Woman and Wine

Alcohol Intervention Tips for Leading a Loved One to Treatment

When it comes to convincing a loved one that she needs help with alcoholism, an intervention can be very helpful. This is when you and the addict’s closest friends and family gather to help show support for getting the individual into rehabilitation. It can be one of the most emotionally charged experiences of your life, but it may be a literal matter of life and death. A successful intervention can help prevent an alcoholic from taking the addiction too far.

The Benefits of Holding an Alcohol Intervention

An intervention can be viewed as a measurement of how much you care for the individual. There are many alcoholics in the world today who don’t get the benefit of being confronted and become lost due to physical complications. To put effort into standing up to someone you love to save her from a miserable existence takes an incredible amount of courage. Although the addict won’t realize it during the experience, she’ll come to appreciate your conviction for helping her seek rehabilitation.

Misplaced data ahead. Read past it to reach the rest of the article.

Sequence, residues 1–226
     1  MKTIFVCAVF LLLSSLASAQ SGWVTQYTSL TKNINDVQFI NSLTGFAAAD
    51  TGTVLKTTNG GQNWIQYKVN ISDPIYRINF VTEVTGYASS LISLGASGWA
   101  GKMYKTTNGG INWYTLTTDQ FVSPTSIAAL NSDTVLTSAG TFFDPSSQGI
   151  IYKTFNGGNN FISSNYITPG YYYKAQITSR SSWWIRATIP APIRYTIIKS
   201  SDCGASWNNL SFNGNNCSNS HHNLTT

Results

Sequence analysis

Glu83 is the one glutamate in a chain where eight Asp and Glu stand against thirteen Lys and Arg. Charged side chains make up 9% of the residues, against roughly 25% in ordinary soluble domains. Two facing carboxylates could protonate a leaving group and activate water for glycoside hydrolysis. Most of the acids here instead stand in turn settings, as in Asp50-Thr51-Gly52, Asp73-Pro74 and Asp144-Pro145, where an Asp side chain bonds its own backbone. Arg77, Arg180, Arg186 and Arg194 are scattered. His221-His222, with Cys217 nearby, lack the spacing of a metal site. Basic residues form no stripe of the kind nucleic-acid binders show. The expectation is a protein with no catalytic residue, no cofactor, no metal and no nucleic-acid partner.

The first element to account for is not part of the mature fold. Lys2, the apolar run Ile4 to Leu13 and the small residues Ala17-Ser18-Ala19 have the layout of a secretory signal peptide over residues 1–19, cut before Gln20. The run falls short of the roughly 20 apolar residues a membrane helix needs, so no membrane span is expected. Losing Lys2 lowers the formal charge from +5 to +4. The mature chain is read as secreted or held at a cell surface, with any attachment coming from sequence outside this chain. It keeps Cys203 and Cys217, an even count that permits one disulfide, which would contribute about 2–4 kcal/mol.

When someone is abusing a substance, the person isn’t fully aware of what the addiction is doing to her. An intervention brings many things to light and helps an alcoholic see what’s actually occurring. When you follow alcohol intervention tips, you can provide the details of the experience to a clear-minded individual, allowing the addict to understand what she has been inadvertently doing to loved ones.

Interventions are meant to be conducted in private. This can help reduce the embarrassment an alcoholic will feel during the event. There’s no reason to include a social and public display, as the addict may already be feeling shame and guilt for her drinking. It can help the person be more receptive to what’s being said rather than feeling like she’s put on display for all to see.

Consider These Alcohol Intervention Tips During the Planning Process